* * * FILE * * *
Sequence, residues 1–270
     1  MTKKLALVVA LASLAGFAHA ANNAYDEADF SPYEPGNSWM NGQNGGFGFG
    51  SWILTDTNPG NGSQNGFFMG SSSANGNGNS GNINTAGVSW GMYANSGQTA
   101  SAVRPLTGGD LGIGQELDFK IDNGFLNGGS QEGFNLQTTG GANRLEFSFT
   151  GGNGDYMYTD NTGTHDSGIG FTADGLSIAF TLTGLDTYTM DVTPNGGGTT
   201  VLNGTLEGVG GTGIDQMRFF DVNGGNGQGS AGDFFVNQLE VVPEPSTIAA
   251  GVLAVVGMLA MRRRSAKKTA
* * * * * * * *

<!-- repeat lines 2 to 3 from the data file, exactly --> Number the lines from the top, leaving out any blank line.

     1  MTKKLALVVA LASLAGFAHA ANNAYDEADF SPYEPGNSWM NGQNGGFGFG
    51  SWILTDTNPG NGSQNGFFMG SSSANGNGNS GNINTAGVSW GMYANSGQTA